Patrick Soon-Shiong: the doctor tackling fake news

Patrick Soon-Shiong © Alamy
Patrick Soon-Shiong: learning from missionary teachers

Patrick Soon-Shiong made a $9bn fortune in biotechnology. Now he wants to spend it curing a very different kind of disease – the spread of bad journalism. Jane Lewis reports.

The campaign to rid the world of fake news has gained a new recruit. Having spent decades trying to cure cancer, while simultaneously amassing a biotech fortune, America’s most distinctive doctor-turned-tycoon, Patrick Soon-Shiong, now wants to root out what he calls “the cancer of our time”. To that end, he has just bought the Los Angeles Times and a handful of other Californian titles for $500m – vaulting him into an exclusive club of trophy newspaper proprietors.

The South African-born medic paid twice as much for the Los Angeles Times as Jeff Bezos did for The Washington Post in 2013. But then he’s got cash to spare. With a fortune put at around $9bn, he is probably, as Forbes once noted, “the richest doctor in the history of the world” – and he has big aspirations for the newspaper. The future belongs to quality journalism, he says. “Fake news, superficial news, clickbait news, shrill, shouty, polarising news….” – Soon-Shiong plans to tackle all these ailments.

A warm but wary welcome

Some Angelinos are saddened by his decision to transplant the paper from its “historic art-deco tower downtown” to “a custom-made campus near the coastal tech hub of Silicon Beach”. But Soon-Shiong – “a trim, dapper, figure” with “a bright restless mind” – grandiosely envisages the site becoming an “institutional public trust in a private setting” akin to Harvard or Stanford. “I’m looking at a 100-year plan.” Staff at the paper have given the deep-pocketed doctor “a warm but wary welcome”, says The Guardian. Yet he trails controversy, as well as plaudits, in his wake. Soon-Shiong is “widely seen as brilliant and at times bombastic, with promises outstripping reality”.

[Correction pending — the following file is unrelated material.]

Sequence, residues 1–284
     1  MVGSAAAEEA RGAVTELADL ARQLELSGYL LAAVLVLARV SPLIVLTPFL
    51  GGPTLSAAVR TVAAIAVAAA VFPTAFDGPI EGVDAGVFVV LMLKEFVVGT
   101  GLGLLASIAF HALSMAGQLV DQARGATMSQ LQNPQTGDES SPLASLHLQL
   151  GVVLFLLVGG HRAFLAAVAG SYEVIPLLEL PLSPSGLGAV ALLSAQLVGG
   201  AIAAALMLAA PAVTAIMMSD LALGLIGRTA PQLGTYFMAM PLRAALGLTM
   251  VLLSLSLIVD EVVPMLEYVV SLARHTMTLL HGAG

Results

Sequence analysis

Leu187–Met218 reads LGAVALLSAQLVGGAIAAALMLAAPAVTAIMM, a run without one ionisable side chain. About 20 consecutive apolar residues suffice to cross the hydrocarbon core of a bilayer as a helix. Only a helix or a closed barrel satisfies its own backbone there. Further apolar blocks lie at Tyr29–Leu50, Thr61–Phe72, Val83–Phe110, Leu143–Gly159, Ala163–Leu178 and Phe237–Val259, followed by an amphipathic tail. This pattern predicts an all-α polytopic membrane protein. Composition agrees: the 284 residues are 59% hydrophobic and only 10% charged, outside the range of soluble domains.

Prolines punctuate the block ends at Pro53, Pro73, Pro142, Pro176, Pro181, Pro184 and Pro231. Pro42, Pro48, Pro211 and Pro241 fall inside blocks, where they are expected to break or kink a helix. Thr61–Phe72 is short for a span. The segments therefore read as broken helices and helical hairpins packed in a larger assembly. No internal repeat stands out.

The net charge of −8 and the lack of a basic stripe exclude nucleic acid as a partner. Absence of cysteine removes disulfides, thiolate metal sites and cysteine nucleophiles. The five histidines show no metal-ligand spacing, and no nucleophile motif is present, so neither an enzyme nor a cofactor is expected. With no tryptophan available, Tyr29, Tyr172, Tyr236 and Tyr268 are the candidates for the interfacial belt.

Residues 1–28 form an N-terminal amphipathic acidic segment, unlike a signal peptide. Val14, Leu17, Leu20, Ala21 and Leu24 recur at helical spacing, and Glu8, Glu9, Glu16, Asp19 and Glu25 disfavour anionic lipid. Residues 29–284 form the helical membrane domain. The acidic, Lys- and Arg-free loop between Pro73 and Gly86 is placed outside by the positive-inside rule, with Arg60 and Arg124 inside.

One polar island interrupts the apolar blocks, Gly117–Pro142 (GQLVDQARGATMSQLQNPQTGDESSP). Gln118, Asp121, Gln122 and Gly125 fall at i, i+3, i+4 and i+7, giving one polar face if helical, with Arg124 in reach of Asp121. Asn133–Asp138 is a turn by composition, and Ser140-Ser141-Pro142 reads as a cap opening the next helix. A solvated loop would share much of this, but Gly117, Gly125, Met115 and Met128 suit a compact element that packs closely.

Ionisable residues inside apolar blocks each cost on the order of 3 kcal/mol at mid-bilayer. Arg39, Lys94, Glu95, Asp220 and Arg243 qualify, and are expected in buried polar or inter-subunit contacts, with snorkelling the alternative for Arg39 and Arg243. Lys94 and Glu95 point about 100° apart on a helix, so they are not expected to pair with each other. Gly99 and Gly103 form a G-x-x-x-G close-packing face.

His Chan Soon-Shiong NantHealth philanthropic foundation has come under the spotlight, says Fast Company: an investigation by Politico last year uncovered a tendency “to funnel tax-exempt money into health-tech projects run by his own companies”. And if “intertwining business interests” is “a hallmark of his management style”, so too is leveraging big contacts.

In his drive to become the public face of new cancer treatments and healthcare reform, he chummed up with the Clintons and Obamas – forging close links with the former vice-president, Joe Biden, whose son died of brain cancer. Yet those old alliances “don’t seem to have hurt” his “relationship with the new boss”: Soon-Shiong has also met with Trump to discuss medical innovations.

Lessons from religion

Born in 1952 in apartheid-era South Africa, to Chinese parents of humble means, Soon-Shiong grew up in Port Elizabeth and claims to have had his first lesson in making profits from his Catholic missionary teachers: “no money, no mission”, the nuns told him. After graduating in medicine from the University of Witwatersrand, he emigrated to Canada in the 1970s and worked as a surgeon, later cementing “his reputation for innovation and buzz at UCLA”, says Politico.

He pioneered the anti-cancer drug Abraxane, which he sold to the drug giant Celgene in 2010 for around $3bn. The $4.6bn sale of another generic drug-maker, American Pharmaceutical Partners, added to his fortune. As well as the Los Angeles Times, he now owns the Los Angeles Lakers basketball team –  but buying and selling flashy assets isn’t his real passion. What he’s really after is influence. Given his “political connections, a professional agenda to remake healthcare delivery, and ownership of a major newspaper”, says Fast Company, he could wield quite a lot of that in the next elections.